The power of the network

“This is our last scheduled meeting,” she tells me as we sit in vacant office space above Heron Foods in Dewsbury, “and I don’t want it to end.”

For the last twelve months local artist Harriet Lawson has been an enthusiastic participant of The Faculty, a professional development and mentoring programme for artists set up by Creative Scene and its northern partners.

cs_181116_039-edit“How has The Faculty changed you?” I ask.

“I’m making work now,” she says bluntly. “Before I was more concerned about my part-time job and not about being an artist.”

“So it’s given you permission to be an artist?” I suggest.

“Yes, I suppose it has.”

Harriet, I know, is being characteristically modest. In the time I have been writing about her own personal artistic development she has not only brought other artists together for weekly art interventions around town but has also set up a successful partnership with fellow artist, Ruth Bridges. The duo are up for an O2 Think Big award at a swanky do in London next month.

“We’ve had lots of interest in our litter pick idea,” she says, “and we’re going to make a project out of everything we’ve collected.”

“Is that where you leave a penny in place of the rubbish?” I can’t keep up with all their projects and ideas.

“That’s the one,” she laughs, “and we’ve been pushing an A0 clipboard on wheels around Dewsbury, making an audit of things that are broken and chatting to people along the way.”

Harriet and her fellow artists reconvene for the afternoon session. Today they’re meeting with the directors of the four Creative People and Places (CPP) programmes that established The Faculty.

cs_181116_004-edit“The Faculty has very much been an experiment for us,” says Patrick Fox from Heart of Glass in St Helens. “What’s really been interesting is seeing the power of the network you’ve created, the critical mass of people sharing ideas but also demanding more.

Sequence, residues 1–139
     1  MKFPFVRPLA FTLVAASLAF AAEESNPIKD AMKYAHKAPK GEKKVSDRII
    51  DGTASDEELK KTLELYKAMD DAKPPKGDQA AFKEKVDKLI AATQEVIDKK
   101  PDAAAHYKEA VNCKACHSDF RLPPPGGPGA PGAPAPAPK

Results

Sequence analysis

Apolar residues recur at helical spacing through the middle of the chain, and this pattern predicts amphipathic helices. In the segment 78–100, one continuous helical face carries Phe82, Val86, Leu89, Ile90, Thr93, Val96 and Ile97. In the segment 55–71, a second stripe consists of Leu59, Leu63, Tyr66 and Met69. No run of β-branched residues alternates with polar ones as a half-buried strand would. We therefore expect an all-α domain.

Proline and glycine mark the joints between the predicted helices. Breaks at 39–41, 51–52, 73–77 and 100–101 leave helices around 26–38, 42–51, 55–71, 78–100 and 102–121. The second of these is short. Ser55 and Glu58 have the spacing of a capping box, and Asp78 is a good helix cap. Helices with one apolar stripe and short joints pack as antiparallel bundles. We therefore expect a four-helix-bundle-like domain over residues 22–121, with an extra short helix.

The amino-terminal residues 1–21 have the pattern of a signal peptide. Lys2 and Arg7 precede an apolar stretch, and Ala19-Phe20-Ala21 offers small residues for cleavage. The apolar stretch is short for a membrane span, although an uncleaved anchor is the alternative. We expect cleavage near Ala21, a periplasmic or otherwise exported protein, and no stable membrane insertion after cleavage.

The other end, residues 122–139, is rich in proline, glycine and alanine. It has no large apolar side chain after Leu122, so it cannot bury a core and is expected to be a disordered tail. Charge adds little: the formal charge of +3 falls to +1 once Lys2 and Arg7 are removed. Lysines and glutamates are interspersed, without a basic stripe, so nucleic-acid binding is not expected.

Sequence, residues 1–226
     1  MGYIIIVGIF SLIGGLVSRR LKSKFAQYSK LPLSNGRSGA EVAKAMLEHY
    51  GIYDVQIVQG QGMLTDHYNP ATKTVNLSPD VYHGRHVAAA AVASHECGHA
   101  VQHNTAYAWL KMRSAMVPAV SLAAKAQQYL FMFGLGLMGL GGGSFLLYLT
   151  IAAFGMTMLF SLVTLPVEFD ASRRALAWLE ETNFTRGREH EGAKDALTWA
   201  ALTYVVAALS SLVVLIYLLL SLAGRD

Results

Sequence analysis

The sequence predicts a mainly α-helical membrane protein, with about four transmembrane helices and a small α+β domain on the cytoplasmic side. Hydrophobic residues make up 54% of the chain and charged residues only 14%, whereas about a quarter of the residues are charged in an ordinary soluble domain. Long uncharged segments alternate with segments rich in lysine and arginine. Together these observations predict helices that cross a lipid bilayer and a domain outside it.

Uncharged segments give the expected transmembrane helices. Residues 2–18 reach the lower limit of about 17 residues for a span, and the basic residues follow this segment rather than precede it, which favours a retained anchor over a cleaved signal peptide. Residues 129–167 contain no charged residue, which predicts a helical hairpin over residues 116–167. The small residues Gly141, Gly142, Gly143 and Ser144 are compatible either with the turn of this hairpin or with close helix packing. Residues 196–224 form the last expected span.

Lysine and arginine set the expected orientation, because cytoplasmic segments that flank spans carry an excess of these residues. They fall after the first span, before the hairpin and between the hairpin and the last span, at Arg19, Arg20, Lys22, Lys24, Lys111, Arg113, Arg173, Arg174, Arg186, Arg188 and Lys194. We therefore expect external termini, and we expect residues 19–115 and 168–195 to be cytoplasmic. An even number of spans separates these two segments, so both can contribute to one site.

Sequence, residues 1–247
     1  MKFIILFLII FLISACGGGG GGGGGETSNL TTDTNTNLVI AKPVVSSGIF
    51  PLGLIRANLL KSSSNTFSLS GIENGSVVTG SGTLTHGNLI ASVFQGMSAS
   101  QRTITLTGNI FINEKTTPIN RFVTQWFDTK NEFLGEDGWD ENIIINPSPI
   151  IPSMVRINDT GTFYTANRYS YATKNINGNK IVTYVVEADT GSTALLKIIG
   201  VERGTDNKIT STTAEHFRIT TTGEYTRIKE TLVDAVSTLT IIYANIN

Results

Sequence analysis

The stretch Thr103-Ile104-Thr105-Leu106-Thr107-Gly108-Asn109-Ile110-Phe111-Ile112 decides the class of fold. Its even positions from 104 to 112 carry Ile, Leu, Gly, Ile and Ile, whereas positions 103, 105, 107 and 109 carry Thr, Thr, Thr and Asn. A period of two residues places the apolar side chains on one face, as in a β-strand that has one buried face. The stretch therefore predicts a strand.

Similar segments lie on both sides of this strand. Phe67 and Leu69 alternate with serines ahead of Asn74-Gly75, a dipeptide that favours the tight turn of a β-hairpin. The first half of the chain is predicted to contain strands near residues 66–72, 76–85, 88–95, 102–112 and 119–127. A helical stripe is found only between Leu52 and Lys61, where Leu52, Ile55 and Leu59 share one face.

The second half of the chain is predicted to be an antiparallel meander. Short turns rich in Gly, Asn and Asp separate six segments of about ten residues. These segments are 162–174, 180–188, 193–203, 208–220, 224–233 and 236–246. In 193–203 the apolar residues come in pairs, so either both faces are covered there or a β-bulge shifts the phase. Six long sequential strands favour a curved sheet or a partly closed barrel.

“The CPP network was conceived around audiences and not around artist development but that is beginning to change mainly because of The Faculty and your own experiences.”

cs_181116_019-editHarriet is not alone. None of the participants see today’s meeting as an ending. There’s talk of how to continue with some informal networking to keep the group together. And Jenny Rutter from Left Coast in Blackpool and Wyre encourages everyone to attend the one-day professional development workshops scheduled.

“It’s really important we value ourselves as professionals,” she says, “and invest time in our own training, just like solicitors or plumbers would do.”

cs_181116_031-editWith a room full of socially-motivated artists, talk of the political landscape is not far away. There’s concern that, because of local authority cuts, many practitioners are finding themselves working in vulnerable communities with little or no support from other professionals.

“Sometimes there just isn’t anyone on the ground,” says Creative Scene director, Nancy Barrett. “We’ve been wanting to work in a neighbourhood near here called Dewsbury Moor, but we can’t find the people – youth workers, for example –  who have a paid role to work in those communities to support them. We can’t put artists in risky situations. What do we do? It’s a real challenge. But it’s not going to go away.”

Like so many others, these practitioners are feeling their way through unfamiliar scenarios. Old models of community engagement won’t necessarily fit any more, despite the need for artistic interventions being greater than ever.

I look forward to following Harriet’s journey as she navigates this new terrain.

The Academy professional development workshops continue in Blackpool from now until March.